The State Department has ordered non-emergency US embassy employees and their family members in Abuja, Nigeria to leave the country “due to the heightened risk of terrorist attacks there.”
The department also issued a “Level 3” travel advisory for the entire country, urging: “Reconsider travel to Nigeria due to crime, terrorism, civil unrest, kidnapping, and maritime crime.”
Earlier this week, the State Department authorized the departure of non-emergency U.S. government employees and family members, having earlier warned of planned terror attacks in the Nigerian capital Abuja.
“Targets may include, but are not limited to, government buildings, places of worship, schools, markets, shopping malls, hotels, bars, restaurants, athletic gatherings, transport terminals, law enforcement facilities, and international organizations,” its October 23 advisory said of the alleged plots.
In an updated travel advisory issued Thursday, the State Department flagged 15 other Nigerian states in its “Do Not Travel” list due to risks ranging from terrorism to kidnapping and criminal activities perpetrated at sea.
In a similar advisory to British nationals, the UK government advised against nonessential travel to the Nigerian capital, while warning against all travel to 12 Nigerian states.
A popular Abuja mall closed its doors Thursday for the protection of staff and customers, its management said, adding that it was reviewing the security situation in consultation with authorities.
Nigeria’s police chief, Usman Alkali Baba, said there were “no imminent threats” in the country’s Federal Capital Territory.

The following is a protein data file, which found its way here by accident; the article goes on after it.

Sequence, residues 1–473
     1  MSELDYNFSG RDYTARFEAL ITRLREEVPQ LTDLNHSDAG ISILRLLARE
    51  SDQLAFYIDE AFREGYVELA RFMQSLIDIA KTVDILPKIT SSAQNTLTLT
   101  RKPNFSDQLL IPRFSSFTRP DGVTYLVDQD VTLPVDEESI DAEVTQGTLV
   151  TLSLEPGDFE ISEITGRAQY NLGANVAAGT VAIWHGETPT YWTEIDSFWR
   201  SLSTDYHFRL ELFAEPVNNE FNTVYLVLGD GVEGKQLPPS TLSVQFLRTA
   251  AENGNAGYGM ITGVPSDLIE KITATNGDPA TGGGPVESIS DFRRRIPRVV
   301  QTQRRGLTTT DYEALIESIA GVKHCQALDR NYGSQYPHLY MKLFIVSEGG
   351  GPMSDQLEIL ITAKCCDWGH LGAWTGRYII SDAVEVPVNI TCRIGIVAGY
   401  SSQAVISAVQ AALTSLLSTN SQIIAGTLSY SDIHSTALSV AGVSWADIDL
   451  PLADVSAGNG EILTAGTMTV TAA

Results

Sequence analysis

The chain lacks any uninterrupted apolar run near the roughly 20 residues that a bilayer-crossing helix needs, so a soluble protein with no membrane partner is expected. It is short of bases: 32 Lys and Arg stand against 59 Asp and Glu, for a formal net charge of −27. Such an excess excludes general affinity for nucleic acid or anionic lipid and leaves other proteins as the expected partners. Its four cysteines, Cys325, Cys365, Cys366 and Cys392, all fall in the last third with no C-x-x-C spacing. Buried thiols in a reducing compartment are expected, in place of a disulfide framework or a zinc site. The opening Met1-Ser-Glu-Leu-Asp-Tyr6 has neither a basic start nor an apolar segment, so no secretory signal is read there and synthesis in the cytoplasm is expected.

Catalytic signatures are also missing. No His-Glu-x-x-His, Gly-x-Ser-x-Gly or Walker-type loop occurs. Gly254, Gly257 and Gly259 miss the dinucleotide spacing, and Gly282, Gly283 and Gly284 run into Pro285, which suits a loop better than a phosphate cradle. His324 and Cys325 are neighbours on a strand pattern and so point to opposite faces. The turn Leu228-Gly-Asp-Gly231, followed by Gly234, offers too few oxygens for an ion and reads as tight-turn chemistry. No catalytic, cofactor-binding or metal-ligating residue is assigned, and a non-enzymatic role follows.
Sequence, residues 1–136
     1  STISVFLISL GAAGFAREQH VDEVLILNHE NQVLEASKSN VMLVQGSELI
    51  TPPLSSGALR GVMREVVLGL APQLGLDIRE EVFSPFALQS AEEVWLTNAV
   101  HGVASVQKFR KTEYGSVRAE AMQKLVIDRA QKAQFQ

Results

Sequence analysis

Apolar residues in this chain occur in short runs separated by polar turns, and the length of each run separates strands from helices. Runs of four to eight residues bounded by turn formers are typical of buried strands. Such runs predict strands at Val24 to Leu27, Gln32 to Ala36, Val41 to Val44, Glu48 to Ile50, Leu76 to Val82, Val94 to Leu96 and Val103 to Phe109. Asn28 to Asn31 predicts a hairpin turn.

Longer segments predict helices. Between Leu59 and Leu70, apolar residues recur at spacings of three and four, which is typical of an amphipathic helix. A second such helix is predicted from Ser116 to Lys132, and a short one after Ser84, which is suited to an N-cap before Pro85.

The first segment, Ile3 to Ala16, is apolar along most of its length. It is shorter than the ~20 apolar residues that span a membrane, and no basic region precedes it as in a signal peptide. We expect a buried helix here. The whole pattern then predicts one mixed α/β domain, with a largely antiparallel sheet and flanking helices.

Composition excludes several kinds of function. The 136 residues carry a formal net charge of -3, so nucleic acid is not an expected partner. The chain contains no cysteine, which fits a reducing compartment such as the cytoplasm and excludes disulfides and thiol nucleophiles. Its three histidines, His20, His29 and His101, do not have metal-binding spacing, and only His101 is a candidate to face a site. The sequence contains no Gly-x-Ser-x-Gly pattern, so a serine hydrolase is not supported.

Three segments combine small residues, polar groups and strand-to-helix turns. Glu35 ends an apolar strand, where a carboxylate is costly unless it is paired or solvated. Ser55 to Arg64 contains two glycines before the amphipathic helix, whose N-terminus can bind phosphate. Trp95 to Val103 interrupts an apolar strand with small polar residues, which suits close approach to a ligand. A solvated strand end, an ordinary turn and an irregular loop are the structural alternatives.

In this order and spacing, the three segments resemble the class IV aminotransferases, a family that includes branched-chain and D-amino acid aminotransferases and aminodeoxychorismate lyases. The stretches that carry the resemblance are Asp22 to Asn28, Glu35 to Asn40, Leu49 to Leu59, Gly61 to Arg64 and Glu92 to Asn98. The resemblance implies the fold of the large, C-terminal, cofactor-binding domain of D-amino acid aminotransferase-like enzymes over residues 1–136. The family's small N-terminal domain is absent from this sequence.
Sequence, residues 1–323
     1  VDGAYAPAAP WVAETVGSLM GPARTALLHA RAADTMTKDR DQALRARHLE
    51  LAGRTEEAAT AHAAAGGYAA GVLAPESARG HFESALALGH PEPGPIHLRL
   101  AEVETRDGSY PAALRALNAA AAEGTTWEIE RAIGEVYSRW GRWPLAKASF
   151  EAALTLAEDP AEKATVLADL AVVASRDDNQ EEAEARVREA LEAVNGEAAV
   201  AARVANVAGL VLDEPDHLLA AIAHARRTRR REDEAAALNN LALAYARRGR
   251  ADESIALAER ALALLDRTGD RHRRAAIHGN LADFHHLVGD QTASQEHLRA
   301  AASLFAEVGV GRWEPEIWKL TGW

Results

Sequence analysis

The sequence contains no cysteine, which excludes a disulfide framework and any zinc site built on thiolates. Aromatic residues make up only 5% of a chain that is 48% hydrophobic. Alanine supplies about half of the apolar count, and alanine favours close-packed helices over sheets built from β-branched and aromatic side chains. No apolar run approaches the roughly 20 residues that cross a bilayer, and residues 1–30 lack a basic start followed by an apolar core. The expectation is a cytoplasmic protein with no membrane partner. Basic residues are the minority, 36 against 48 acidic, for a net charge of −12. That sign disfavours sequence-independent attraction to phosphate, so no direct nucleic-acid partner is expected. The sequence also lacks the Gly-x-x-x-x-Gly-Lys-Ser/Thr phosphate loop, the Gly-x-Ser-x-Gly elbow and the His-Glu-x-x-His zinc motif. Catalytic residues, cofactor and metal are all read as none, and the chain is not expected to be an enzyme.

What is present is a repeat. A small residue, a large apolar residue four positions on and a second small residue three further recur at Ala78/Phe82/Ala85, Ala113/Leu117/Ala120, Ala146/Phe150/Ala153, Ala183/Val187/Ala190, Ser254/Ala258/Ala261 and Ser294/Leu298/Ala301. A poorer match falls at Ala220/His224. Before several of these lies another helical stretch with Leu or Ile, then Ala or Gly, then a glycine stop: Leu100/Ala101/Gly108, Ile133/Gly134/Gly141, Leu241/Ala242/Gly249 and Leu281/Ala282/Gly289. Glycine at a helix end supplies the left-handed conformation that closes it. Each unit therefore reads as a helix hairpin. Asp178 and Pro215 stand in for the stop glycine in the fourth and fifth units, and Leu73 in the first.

“The Inspector General of Police, therefore, allays the fear of residents in the FCT and admonishes them to go about their lawful businesses and normal social lives/engagements as all hands are on deck to nip any security threat in the bud and respond to distress calls promptly,” a statement by his office said Thursday.
“The IGP similarly reiterates the commitment of the Nigeria Police to eliminating all threats, as well as protection of lives and property of all residents of the country,” the statement added.
Insurgency has remained rife in northeastern Nigeria, even as the country also struggles to contain motorbike riding gangs known locally as ‘bandits’ who carry out deadly attacks on communities in the northwestern region.
Nigeria also grapples with widespread kidnappings for ransom and maritime crimes in its southern region.
Hundreds of prisoners were broken free in a prison raid in the country’s capital in July. According to authorities, all inmates linked to Boko Haram escaped during the attack.
The Islamic State group claimed responsibility for the raid.